How the new coronavirus variant quickly accumulated 102 mutations in India
New Delhi, Jan 13: The total number of persons found to be positive with the new UK variant genome stands at 102, according to the Health Ministry.
The new SARS-CoV-2 variant, B.1.1.7, was first seen in Greater London in the third week of September and has since spread to other countries as well.
Air line services to and from UK have to shut down for weeks by several countries and resumed later.
How the new variant quickly accumulated in India
The new variant has been spreading 'rapidly' over the last four weeks indicating further spread of the variant in the country.
The report says that mutations in the SARS-CoV-2 virus accumulate at a "relatively consistent rate over time".
According to current estimates, the circulating SARS-CoV-2 lineages accumulate mutations at a rate of about just one-two mutations per month despite it being an RNA virus. The mutation rate of novel coronavirus is much less than the seasonal flu virus. The new variant has 17 mutations in all, which is unusually huge.
Since the normal rate of accumulation of mutations in coronavirus is only one-two per month, the emergence of a large number of mutations in the variant could possibly have taken place in an immunodeficient or immunosuppressed patient who has had a prolonged infection.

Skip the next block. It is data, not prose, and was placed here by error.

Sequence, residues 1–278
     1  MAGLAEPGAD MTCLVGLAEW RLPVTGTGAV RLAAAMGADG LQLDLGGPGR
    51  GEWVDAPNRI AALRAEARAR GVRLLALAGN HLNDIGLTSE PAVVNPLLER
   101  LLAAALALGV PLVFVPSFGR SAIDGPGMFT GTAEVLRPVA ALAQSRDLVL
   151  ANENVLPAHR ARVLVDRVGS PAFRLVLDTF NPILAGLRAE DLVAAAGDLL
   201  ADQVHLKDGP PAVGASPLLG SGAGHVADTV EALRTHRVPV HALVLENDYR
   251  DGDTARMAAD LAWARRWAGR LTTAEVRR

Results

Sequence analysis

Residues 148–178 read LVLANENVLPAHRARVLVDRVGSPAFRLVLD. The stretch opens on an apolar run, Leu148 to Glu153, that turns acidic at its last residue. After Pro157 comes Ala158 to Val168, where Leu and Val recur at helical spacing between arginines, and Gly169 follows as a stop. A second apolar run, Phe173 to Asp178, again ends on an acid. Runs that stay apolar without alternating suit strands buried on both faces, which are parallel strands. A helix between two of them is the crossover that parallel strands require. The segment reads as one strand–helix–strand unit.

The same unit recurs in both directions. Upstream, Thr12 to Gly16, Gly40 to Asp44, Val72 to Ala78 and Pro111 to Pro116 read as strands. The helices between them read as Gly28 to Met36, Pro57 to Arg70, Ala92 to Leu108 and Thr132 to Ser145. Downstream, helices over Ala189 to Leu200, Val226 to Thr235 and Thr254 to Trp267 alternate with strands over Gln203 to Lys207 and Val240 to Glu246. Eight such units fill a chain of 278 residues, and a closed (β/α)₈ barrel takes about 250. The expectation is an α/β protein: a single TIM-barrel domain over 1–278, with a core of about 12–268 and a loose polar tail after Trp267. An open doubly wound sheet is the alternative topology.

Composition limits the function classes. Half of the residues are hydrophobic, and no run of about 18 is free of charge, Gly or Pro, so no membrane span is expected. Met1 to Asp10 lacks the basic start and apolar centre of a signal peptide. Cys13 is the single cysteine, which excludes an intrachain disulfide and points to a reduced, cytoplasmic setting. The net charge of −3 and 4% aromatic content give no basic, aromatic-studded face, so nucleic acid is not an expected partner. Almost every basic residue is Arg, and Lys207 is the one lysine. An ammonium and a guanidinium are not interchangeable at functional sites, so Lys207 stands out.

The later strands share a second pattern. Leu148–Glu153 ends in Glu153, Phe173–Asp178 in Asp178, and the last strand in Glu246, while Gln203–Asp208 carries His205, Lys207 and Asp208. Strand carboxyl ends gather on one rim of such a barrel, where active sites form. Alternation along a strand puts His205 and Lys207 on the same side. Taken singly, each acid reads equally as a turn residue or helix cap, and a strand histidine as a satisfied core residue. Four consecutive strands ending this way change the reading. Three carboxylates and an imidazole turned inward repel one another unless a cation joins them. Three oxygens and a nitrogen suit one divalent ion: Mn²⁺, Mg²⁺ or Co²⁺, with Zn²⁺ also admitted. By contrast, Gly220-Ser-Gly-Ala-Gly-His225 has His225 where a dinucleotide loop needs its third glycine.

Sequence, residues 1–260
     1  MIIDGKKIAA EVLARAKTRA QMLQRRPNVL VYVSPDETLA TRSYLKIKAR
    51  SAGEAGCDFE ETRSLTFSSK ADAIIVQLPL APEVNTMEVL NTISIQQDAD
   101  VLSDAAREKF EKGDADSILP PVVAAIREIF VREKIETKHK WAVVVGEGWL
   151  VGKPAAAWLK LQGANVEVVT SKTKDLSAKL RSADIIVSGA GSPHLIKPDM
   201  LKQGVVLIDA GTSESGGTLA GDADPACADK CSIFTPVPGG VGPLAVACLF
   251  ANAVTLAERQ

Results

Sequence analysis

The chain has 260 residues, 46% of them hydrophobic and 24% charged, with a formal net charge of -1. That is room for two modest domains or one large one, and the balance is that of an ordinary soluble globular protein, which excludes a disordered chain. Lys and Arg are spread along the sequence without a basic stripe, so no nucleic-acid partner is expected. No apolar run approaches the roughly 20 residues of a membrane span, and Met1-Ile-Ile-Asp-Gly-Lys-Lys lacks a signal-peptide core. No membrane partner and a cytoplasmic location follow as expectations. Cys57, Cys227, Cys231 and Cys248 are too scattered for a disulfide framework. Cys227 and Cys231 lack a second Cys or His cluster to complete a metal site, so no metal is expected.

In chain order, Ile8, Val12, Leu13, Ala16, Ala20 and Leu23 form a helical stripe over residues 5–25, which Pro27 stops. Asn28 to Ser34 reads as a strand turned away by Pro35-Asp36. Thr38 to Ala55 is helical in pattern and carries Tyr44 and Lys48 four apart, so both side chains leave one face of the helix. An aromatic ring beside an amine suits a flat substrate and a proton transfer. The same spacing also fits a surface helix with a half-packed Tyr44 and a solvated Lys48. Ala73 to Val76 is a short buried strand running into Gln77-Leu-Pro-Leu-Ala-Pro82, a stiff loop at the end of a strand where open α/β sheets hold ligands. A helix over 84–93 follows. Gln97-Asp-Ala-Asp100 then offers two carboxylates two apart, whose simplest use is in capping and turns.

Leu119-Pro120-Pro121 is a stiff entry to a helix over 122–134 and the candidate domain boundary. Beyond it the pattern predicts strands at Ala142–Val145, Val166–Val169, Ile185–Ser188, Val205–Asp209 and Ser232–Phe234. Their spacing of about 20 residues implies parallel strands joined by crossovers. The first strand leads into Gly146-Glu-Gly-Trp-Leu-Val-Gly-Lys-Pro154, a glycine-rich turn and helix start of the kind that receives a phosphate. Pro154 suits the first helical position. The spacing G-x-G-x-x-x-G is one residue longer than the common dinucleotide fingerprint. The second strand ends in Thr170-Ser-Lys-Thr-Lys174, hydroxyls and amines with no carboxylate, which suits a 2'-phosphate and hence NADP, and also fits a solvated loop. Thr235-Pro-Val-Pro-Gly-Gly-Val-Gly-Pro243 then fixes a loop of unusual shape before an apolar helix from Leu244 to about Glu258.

High rates of mutations accumulating in a short time have been reported previously in such people as the infection persists for two-four months or even longer.
Although scientists speculate here that chronic infection played a role in the origins of the B.1.1.7 variant, this remains a hypothesis and they said they cannot yet infer the precise nature of this event.
Will COVID-19 vaccines work on the new coronavirus mutation?
Experts say the COVID-19 vaccines being rolled out will likely still work on the variant.
The top U.S. infectious disease expert, said data coming from Britain indicates the vaccines still will block the virus.
But if a virus mutates significantly enough, one worry is that current vaccines might no longer offer as much protection. And although that's a possibility to watch for over time with the coronavirus, experts say they do not believe it will be the case with the variant in the UK.